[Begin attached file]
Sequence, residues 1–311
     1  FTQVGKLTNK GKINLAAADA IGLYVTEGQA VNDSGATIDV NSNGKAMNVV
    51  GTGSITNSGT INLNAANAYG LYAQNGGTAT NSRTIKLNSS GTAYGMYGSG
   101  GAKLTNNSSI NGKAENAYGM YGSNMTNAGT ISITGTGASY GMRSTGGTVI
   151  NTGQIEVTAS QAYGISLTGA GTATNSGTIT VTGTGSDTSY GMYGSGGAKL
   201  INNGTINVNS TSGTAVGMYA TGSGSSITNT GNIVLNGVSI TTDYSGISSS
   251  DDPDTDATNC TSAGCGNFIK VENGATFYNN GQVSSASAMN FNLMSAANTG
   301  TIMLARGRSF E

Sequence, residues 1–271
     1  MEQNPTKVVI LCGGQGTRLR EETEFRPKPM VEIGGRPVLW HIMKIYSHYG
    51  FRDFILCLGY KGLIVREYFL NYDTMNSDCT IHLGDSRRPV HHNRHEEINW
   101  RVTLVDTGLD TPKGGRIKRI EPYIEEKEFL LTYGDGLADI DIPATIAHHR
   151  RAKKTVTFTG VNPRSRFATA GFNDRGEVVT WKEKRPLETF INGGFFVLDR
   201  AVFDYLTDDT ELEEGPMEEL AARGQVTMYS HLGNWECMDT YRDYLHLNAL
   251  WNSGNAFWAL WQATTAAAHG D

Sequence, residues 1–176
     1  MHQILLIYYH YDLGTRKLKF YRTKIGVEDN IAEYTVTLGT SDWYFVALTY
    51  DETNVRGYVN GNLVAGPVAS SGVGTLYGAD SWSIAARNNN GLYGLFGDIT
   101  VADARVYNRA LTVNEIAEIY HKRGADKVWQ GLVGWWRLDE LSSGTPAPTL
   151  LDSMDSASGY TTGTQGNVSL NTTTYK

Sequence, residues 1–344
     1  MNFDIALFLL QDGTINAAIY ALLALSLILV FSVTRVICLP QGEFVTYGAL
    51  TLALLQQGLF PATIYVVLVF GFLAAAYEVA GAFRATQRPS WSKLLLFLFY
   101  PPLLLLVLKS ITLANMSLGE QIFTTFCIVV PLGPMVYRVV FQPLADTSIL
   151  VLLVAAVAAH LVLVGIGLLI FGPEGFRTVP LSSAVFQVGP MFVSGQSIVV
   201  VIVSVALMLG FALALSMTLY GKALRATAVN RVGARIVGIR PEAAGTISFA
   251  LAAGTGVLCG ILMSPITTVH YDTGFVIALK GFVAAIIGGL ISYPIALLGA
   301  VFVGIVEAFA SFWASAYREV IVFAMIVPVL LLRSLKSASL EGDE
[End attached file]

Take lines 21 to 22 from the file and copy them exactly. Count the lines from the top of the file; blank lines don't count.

Sequence, residues 1–344
     1  MNFDIALFLL QDGTINAAIY ALLALSLILV FSVTRVICLP QGEFVTYGAL